This site provides useful practical information related to global and national weather observing practices and instruments, including independent equipment reviews.
You will find much of the background in my book The Weather Observer’s Handbook (published by Cambridge University Press), details of which can also be found on this site, together with useful links and downloads.

Stephen Burt
Author, The Weather Observer’s Handbook

A nation obsessed with the weather? Yes, certainly, but which nation?

 

Tip of The Day
Earth temperatures at 30 cm or deeper are measured using specially lagged thermometers hung on chains in steel tubes at the required depth, or using electrical sensors. Cabled sensors are ideally suited to measuring grass or earth temperatures, although care needs to be taken in how earth temperature sensors are exposed, as locating them in tubes with higher conductivity than the surrounding soil will introduce significant errors.
The wind is highly variable in both speed and direction, and obtaining good measurements of the wind poses particular challenges for instruments, logging equipment and site requirements.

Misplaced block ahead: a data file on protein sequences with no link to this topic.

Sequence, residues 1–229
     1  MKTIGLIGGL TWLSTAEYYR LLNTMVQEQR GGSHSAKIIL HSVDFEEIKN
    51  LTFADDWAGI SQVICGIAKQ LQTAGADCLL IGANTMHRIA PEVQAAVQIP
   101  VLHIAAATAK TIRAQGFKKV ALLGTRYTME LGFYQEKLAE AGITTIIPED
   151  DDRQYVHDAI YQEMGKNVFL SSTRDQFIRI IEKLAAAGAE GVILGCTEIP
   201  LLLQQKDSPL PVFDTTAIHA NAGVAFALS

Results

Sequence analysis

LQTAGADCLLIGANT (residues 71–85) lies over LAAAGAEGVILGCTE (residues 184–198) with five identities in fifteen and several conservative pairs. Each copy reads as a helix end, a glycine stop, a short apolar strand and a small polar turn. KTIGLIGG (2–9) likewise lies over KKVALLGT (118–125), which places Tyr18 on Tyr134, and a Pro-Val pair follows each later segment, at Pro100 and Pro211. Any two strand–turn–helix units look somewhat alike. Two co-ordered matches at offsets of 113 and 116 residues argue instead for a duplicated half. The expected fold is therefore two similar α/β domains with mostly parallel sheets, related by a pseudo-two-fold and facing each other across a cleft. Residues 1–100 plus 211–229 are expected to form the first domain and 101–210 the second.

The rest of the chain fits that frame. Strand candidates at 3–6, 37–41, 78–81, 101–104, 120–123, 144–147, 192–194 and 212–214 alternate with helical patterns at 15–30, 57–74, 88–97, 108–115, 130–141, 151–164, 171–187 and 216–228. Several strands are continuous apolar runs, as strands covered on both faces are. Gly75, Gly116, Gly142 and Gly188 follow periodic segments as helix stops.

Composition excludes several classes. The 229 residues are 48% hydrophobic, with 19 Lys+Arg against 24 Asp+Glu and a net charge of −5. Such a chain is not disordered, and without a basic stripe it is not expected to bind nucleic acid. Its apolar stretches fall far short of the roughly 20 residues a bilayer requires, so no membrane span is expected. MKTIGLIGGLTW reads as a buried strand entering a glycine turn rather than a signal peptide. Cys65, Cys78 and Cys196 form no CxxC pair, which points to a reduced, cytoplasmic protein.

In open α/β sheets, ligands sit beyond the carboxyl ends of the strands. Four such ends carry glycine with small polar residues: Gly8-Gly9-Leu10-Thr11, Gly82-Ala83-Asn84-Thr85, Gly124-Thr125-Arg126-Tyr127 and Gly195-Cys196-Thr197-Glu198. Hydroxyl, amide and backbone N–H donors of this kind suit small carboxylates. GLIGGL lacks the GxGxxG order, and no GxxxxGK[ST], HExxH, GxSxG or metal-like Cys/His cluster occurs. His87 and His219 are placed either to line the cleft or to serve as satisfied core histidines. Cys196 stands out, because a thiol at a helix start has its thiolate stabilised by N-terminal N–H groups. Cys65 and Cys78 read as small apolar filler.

By convention, 24 hour minimum temperatures read at the morning observation are entered to the day on which they were read, whereas 24 hour maximum temperature and total rainfall are entered to the day prior to the observation (they are said to be ‘thrown back’).
Grass temperatures should be sampled and logged at the same interval as used for air temperatures; for earth temperatures, particularly at depth, an hourly or even once-daily logging interval may be sufficient.
Most air temperature measurements are now made using resistance temperature devices (RTDs), which are steadily replacing liquid-in-glass thermometers. The main types of sensor in use today are the platinum resistance thermometer and the thermistor. The former is more accurate and more repeatable, but more expensive. Both can be made very small and thus highly responsive.